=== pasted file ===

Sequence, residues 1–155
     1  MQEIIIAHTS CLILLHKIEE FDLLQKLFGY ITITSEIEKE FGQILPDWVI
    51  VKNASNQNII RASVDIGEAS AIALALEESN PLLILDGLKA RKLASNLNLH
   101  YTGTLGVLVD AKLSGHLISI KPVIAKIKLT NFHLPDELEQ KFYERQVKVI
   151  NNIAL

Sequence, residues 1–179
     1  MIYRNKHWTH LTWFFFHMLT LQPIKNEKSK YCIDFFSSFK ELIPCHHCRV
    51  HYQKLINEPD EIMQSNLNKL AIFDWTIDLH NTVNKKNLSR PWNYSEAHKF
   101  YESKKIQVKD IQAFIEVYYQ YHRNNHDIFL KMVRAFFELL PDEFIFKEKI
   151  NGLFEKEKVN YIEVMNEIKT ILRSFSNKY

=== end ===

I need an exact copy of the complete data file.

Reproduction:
Sequence, residues 1–155
     1  MQEIIIAHTS CLILLHKIEE FDLLQKLFGY ITITSEIEKE FGQILPDWVI
    51  VKNASNQNII RASVDIGEAS AIALALEESN PLLILDGLKA RKLASNLNLH
   101  YTGTLGVLVD AKLSGHLISI KPVIAKIKLT NFHLPDELEQ KFYERQVKVI
   151  NNIAL

Sequence, residues 1–179
     1  MIYRNKHWTH LTWFFFHMLT LQPIKNEKSK YCIDFFSSFK ELIPCHHCRV
    51  HYQKLINEPD EIMQSNLNKL AIFDWTIDLH NTVNKKNLSR PWNYSEAHKF
   101  YESKKIQVKD IQAFIEVYYQ YHRNNHDIFL KMVRAFFELL PDEFIFKEKI
   151  NGLFEKEKVN YIEVMNEIKT ILRSFSNKY